Dario Cimafonte's Blog Software developer and human being


Integrating JSF and Spring Security

Just a quick hint.

If you are using Spring Web Flow you don't need to read this post. If unluckily you are not, you could find this informations useful.

In particular, if you are tackling form authentication with Spring Security (and no web flow) and you are missing a "principal" bean in the session scope, try this:

public class JsfAuthenticationSuccessHandler extends org.springframework.security.web.authentication.SavedRequestAwareAuthenticationSuccessHandler {
    public void onAuthenticationSuccess(HttpServletRequest request, HttpServletResponse response, Authentication authentication) throws ServletException, IOException {
        super.onAuthenticationSuccess(request, response, authentication);
            Object principal = SecurityContextHolder.getContext().getAuthentication().getPrincipal();
            if (principal instanceof UserDetails) {
                ExternalContext externalContext = FacesContext.getCurrentInstance().getExternalContext();
                externalContext.getSessionMap().put("principal", principal);


By the way, i was implementing a UserDetailsService and I was only interested in that kind of object; your case may be different.

Afterwards, in your security context XML file, instantiate and link the bean the the form-login tag:

<bean id="jsfAuthenticationSuccessHandler" class="com.acme.security.JsfAuthenticationSuccessHandler" />
            default-target-url="/" />


That's it!



In the end, I achieved the OCP Java Certification. The final score was a flattering 96%, so I had a pretty nice day.

Like most IT professionals, I don't believe a certification alone would prove your proficiency.

Nevertheless, it makes sense to me to certify a proficiency you achieved throughout many years of hands-on experience; and at the same time refining those skills that although not strictly necessary in your daily activities, would make you more efficient by reducing the time you spend at debugging or searching through the reference documentation.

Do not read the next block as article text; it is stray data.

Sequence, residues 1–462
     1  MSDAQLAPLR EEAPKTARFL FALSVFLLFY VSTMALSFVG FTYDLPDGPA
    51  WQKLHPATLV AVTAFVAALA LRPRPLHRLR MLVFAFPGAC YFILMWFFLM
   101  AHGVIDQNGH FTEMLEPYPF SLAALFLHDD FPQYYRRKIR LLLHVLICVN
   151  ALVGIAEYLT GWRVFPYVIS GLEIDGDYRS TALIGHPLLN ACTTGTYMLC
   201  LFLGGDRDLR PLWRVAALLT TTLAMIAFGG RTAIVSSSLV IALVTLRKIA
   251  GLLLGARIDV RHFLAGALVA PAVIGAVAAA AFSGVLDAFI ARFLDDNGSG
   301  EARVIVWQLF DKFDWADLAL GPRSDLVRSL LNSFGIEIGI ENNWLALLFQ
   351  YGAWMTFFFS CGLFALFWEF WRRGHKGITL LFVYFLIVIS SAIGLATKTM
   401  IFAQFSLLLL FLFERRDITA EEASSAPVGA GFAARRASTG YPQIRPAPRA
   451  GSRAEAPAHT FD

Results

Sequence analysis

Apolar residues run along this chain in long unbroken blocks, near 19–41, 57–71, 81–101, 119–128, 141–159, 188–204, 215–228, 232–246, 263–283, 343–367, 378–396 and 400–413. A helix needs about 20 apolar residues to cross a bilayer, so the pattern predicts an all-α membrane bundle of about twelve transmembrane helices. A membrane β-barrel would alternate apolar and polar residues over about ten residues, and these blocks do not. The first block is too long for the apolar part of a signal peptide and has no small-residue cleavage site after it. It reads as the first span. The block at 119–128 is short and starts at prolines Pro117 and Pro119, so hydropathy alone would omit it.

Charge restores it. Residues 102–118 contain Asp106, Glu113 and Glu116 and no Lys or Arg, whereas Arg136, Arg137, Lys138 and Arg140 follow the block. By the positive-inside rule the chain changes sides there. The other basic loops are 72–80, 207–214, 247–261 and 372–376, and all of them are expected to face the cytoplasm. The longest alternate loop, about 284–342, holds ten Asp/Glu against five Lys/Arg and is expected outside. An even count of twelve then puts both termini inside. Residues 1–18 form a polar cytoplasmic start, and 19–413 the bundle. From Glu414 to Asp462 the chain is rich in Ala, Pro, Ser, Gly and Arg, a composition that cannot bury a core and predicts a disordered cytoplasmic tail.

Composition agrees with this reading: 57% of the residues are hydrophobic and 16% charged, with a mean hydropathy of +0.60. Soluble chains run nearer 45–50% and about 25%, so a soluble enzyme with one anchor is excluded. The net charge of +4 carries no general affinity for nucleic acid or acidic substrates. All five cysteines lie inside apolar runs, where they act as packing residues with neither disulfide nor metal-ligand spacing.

Oracle Certified Professional - Java Progammer Exam Report

Afterwards, the testing center personnel asked me for my business card :-)


The Protected access level in Java

Just a quick refresher.

Provided they are in different packages, a superclass' protected member can't be accessed through a reference of the type "superclass". It can be through a reference of the child class or its subclasses, though.

A class "Child" can see a protected member in a superclass (say "Parent") located in a different package, only through a reference which happens to be declared as type Child or a subclass of Child.


package pkgA;
public class Parent {
  protected int secret = 42;

package pkgB;
public class Child extends Parent {
  public void go() {
    Grandchild refGrandchild = new Grandchild();
    Child refChild = refGrandchild;
    Parent refParent = refChild;
    System.out.println(refChild.secret); // Legal: accessing through inheritance
    System.out.println(refGrandchild.secret); // Legal: using a reference of a subclass type
    System.out.println(refParent.secret); // COMPILER ERROR: can't see b. refParent is of a superclass type  }
class Grandchild extends Child {

the code fragment should be self-explanatory.

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My team


Me and my colleagues

When you share a project with your colleagues, working hard from 9am - 7pm or more, eventually they become your life companions, and you get to share with them more than code: feelings, hopes, successes, and bad hair days.